PITY THE POOR spin doctors. Few occupations are more despised than theirs but then few occupations offer such power with so little responsibility. We all know who the spin doctors are. They are the nasty, nefarious types, stashed in politicians’ back offices, twisting words to mean whatever they want them to mean. They are commonly held to be responsible for the media’s mendacity and democracy’s decline. They convinced us to go to war in Iraq over weapons of mass destruction that were not there. They declared “mission accomplished” when it had barely begun. They threw the children overboard. Every day they are busy spinning yesterday’s denial into tomorrow’s full and frank admission. They will say anything as long as it advances the cause of whoever is paying their fees.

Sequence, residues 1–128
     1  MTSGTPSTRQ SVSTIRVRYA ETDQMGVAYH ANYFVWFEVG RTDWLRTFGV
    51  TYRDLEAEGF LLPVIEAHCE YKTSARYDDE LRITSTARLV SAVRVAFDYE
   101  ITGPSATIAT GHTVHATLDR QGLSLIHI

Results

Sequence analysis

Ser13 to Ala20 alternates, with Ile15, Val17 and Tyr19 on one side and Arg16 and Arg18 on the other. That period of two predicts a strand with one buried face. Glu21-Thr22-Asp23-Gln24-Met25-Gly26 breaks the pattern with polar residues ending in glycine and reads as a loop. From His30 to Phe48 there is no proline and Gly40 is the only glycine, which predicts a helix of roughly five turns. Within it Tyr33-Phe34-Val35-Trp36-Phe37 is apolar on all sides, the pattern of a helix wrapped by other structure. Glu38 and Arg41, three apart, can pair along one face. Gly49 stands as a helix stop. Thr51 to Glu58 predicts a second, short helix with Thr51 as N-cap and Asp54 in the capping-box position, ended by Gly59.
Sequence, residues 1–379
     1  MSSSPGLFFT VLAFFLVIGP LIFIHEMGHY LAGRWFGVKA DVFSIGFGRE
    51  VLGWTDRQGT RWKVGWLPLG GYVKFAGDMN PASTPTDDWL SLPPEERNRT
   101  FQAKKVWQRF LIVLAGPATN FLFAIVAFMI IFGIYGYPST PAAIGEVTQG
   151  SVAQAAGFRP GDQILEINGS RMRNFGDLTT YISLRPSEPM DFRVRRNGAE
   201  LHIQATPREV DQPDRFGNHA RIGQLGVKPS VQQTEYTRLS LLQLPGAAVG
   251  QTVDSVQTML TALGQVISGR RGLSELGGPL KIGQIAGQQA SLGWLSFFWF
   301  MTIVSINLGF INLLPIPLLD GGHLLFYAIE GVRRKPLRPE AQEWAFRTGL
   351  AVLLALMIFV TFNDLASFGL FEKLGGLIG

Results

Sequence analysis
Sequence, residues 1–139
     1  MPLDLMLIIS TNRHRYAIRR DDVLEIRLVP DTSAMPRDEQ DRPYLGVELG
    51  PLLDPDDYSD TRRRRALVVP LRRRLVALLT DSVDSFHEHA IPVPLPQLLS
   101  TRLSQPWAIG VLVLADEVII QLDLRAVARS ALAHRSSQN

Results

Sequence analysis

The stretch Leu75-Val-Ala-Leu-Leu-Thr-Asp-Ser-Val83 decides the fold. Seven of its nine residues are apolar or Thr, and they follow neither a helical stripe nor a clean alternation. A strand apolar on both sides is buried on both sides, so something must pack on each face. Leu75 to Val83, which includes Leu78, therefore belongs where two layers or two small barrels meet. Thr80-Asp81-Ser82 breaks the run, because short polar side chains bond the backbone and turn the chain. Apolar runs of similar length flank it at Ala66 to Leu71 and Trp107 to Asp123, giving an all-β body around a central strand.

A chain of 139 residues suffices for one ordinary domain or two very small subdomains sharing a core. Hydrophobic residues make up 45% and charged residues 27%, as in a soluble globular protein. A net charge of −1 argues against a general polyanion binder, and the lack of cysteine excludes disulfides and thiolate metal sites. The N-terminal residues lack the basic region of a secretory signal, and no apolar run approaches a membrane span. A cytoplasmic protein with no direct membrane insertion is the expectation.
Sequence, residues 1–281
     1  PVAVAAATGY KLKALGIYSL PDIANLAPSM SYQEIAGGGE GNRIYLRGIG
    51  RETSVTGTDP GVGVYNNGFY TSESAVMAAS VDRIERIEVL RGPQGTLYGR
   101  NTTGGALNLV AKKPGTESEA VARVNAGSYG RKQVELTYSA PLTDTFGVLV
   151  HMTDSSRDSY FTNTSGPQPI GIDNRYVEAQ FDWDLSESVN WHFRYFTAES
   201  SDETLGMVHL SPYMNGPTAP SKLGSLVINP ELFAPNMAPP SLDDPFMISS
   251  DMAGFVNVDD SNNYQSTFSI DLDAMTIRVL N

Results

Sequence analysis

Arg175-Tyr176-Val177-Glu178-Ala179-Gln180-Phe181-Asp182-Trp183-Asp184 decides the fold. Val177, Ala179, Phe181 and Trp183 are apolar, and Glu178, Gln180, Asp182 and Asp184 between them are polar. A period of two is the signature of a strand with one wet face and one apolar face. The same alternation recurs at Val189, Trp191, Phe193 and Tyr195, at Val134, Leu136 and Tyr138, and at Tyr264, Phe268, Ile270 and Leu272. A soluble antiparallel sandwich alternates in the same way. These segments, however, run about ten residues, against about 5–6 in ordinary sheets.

But now spin doctors have gone on the counter-attack about their own image. ABC metropolitan morning radio in most states has recently added weekly sessions with spin doctors from government and business who explain how the news of the week has been managed. Of course, these sessions are never very critical of public relations practice and they never tell about the dirty deeds that go on behind the scenes but they do draw our attention to the ubiquity of spin. Perhaps this is the right time to consider the spin doctor’s place in the world, particularly as public relations practises now determine how governments do their work and, in particular, wage war.
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